To prepare for top cornerback role, Iman Marshall is studying ahead
Iman Marshall made a list of the best receivers he will face this season and spent the offseason compiling film and studying them. He reviewed past encounters, mining his memory for ticks and tips.
He is, in other words, preparing for his new role: USC’s No. 1 cornerback.
Last season, Marshall transitioned from a talented but handsy freshman to a stout sophomore. He played opposite cornerback Adoree’ Jackson, who won the Jim Thorpe Award given to the nation’s best defensive back, but Marshall was actually the more consistent of the two.
Of course, Jackson consistently drew opponents’ best receivers. His talent gave Marshall space to mature in a more forgiving role.
“He allowed me to grow and better my craft,” Marshall said.
Now, it is Marshall who is responsible for shutting down the opposing offense’s best aerial weapon. To prepare, Marshall has begun poring over film of California’s Demetris Robertson (“a very explosive dude”), Notre Dame’s Equanimeous St. Brown (“He’s nice”) and Washington’s Dante Pettis (“He’s really nice”).
Coach Clay Helton called Marshall a “perfectionist” and “one of the more competitive souls I’ve ever been around.”
“He’s really not comfortable or satisfied with where his game is,” Helton said. “You see him after every practice working one little tool that he can put in his toolbox, and I appreciate that as a coach.”
Cornerback has evolved into perhaps the most important position in the modern game, and the responsibility is even greater in the pass-happy Pac-12.
Helton said the league has prepared Marshall for what he will face this season.
“You look up and you’re playing Washington and they’ve got one on each side,” Helton said. “In this league it’s a passing league. It’s one of those things where you have to have two good corners at all times.”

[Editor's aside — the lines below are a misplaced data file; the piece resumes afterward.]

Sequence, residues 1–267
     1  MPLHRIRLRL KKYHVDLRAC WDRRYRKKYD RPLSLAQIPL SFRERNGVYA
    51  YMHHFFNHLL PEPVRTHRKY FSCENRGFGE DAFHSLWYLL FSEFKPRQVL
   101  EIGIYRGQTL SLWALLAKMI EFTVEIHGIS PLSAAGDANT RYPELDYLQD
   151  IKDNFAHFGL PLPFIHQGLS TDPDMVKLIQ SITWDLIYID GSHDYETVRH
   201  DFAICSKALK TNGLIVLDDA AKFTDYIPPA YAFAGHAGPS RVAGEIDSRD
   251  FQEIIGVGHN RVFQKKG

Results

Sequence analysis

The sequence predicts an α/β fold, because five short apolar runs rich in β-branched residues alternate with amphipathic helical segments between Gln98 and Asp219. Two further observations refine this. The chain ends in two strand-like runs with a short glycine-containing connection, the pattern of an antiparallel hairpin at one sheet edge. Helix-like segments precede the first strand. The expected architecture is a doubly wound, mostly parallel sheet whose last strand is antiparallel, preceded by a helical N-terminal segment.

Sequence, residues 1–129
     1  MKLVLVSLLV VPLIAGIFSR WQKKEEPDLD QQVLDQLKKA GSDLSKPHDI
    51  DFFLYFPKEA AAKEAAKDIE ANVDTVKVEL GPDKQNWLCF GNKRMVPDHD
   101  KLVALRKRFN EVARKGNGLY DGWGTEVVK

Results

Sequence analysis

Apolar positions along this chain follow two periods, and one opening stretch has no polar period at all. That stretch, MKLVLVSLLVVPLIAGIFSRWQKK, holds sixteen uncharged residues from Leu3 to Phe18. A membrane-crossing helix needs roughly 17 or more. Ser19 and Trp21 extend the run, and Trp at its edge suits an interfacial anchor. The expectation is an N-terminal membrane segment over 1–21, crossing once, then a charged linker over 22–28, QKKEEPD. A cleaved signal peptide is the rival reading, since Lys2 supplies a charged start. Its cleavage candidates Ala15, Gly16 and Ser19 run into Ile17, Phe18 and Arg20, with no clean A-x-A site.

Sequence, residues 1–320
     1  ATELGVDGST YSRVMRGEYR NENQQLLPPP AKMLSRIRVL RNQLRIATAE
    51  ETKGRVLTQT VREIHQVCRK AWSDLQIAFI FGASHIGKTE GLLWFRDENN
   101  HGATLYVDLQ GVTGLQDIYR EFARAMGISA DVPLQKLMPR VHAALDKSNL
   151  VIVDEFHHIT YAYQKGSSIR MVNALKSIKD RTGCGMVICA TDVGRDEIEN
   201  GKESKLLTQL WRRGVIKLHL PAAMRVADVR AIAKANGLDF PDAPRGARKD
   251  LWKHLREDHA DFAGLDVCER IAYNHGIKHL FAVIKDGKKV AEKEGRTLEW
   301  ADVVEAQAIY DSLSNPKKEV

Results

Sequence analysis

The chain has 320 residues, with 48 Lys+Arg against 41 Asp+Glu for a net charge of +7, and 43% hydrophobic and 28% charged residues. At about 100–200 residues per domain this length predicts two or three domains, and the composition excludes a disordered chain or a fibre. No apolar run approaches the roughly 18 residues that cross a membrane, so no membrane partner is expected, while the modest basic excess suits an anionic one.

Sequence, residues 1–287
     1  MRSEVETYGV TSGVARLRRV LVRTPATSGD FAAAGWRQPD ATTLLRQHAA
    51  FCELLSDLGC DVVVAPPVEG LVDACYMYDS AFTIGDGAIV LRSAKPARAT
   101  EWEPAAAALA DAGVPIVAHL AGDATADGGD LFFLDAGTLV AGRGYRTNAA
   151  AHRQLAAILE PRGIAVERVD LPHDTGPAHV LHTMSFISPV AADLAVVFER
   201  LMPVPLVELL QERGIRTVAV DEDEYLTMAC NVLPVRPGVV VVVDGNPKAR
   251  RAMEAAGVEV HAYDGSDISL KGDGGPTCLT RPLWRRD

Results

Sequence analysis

Positional battles near end
USC will scrimmage Saturday, and Helton said he was paying attention to two positions more than the others: receiver and nose tackle.
At receiver, Steven Mitchell Jr. has supplanted Tyler Vaughns in recent practices. Vaughns initially practiced with the first team, but Mitchell has taken over that role. USC is jammed with options at receiver, but Deontay Burnett is the only one who has separated himself from the competition. An ankle injury to Michael Pittman Jr., whom Helton expected to play often off the bench, only muddled the outlook.
The race at defensive tackle is not quite as crowded, but it has shown more promise. Josh Fatu, a 6-foot-2, 315-pound senior, has practiced most often with the first team, but freshman Marlon Tuipulotu (6-3, 295) has played nearly as often.
And another freshman, Brandon Pili, has been a surprising factor. Pili was mostly unknown until he transferred to a high school in Oregon. USC coaches have described him as an uncanny athlete for someone of his size.
“He’s 340 pounds and he is pound for pound I think the best athlete on this team,” defensive line coach Kenechi Udeze said of the 6-foot-4 native of Alaska. “I mean, he can dunk a basketball. He can do a cartwheel. He’s out there throwing on the run and putting it on the money. He’s a phenomenal athlete.”
USC will not release a depth chart over the weekend, as it did this time last year, but will wait until next week or the following weekend.
Follow Zach Helfand on Twitter @zhelfand
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